The bodhisattva Avalokitêśvara (Ch. Guanyin, J. Kannon) lounges on a towering rock rising out of the ocean with a willow branch set in a vase at her side and the young acolyte Sudhana ( J. Zenzai dōji) in supplication riding on a lotus petal floating on the waves. The illustration is based on the Garland Sutra’s ( J. Kegonkyō) depiction of the paths to enlightenment, with the abode of Kannon on the floating island of Potalaka depicted in refined embroidery.
In particular, the hexagons and hemp-leaf stars densely filling the garments have been exquisitely rendered in flat gold thread (hira kinshi) following the contours of the pattern and couched with yellow thread with not a loose stitch, displaying a technical sophistication that takes the breath away.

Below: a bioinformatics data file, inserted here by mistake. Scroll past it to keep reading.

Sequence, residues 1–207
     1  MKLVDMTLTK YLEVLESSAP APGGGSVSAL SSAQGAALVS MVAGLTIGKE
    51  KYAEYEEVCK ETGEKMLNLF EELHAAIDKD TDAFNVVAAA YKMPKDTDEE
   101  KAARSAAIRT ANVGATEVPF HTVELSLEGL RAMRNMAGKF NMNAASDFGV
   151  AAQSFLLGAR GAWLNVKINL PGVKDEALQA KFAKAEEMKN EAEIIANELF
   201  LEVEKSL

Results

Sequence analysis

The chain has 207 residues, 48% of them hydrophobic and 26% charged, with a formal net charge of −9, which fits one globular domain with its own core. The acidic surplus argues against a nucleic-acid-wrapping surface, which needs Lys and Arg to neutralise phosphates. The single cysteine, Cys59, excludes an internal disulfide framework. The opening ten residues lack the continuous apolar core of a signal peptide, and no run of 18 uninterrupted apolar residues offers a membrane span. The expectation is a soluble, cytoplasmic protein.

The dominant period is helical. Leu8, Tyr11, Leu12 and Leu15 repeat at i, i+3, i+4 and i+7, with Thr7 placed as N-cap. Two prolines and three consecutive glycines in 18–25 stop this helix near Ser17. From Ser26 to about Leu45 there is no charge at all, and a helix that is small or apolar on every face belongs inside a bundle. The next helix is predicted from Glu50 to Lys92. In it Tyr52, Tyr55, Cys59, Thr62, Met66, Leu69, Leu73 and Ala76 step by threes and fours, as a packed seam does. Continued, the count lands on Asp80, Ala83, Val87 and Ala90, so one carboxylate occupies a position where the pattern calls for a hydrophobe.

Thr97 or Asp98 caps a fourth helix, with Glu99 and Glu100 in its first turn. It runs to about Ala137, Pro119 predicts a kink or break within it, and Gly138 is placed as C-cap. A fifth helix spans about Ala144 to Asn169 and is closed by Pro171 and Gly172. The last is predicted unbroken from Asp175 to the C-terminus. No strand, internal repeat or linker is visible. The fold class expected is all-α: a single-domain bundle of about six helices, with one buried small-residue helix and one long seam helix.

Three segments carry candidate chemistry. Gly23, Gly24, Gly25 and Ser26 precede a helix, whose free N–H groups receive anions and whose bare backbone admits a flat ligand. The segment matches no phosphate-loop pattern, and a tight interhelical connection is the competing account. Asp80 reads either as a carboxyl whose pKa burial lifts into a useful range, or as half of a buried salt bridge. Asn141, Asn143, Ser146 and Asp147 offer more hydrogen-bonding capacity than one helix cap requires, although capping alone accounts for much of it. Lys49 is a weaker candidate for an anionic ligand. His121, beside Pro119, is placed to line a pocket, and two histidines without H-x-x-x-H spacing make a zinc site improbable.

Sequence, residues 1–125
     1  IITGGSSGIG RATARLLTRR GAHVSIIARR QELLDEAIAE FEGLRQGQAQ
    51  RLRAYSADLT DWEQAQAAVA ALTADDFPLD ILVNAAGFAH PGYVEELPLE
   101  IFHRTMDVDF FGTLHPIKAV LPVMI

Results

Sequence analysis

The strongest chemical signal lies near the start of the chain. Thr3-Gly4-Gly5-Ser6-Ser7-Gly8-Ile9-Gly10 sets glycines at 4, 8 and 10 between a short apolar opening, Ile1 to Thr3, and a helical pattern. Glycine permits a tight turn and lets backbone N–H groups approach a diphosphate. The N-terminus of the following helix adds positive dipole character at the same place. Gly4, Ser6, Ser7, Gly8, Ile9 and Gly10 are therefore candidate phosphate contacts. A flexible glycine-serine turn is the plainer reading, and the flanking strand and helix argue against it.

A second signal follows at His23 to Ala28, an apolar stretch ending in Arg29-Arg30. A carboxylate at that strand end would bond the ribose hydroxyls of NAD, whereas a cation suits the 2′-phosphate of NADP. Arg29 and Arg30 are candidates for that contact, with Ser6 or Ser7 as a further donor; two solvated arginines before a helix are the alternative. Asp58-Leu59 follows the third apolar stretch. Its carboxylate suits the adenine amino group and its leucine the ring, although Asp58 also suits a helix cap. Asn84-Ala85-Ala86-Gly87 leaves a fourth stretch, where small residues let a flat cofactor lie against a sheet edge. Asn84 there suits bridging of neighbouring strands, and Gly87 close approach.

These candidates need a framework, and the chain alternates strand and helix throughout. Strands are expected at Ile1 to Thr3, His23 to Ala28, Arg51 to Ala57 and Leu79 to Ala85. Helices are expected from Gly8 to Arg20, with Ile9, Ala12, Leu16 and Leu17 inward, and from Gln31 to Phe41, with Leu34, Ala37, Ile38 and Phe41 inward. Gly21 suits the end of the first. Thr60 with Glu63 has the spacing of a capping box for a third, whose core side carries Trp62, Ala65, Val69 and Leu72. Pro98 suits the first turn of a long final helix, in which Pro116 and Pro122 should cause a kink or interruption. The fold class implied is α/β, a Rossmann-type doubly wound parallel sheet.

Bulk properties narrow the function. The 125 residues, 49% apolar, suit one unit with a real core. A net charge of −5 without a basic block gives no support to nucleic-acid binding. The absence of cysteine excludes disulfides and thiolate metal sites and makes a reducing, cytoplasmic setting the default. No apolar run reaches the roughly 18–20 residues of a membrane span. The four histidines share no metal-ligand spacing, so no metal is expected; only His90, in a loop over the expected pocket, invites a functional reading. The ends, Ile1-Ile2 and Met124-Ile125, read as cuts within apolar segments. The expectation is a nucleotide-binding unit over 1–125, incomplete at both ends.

The inscription at the top of the embroidery bears the date 1295 (Yuanzhen 1) and was brushed by the Chinese Chan ( J. Zen) priest Yuji Zhihui (n.d.), active in Hangzhou during the Yuan dynasty, thus making this an important piece in which both the place and latest possible production date are known. Although embroidered Buddhist images crafted stitch by stitch have been produced in East Asia since ancient times, in Japan, embroideries focused on belief in the Buddha Amitābha ( J. Amida), such as raigōzu (images of Amida welcoming the departed to the Pure Land), were produced popularly for private worship mainly in the Kamakura through the Muromachi periods. This piece confirms that contemporaneously the Chinese also cherished small, embroidered Buddhist images suited to private worship.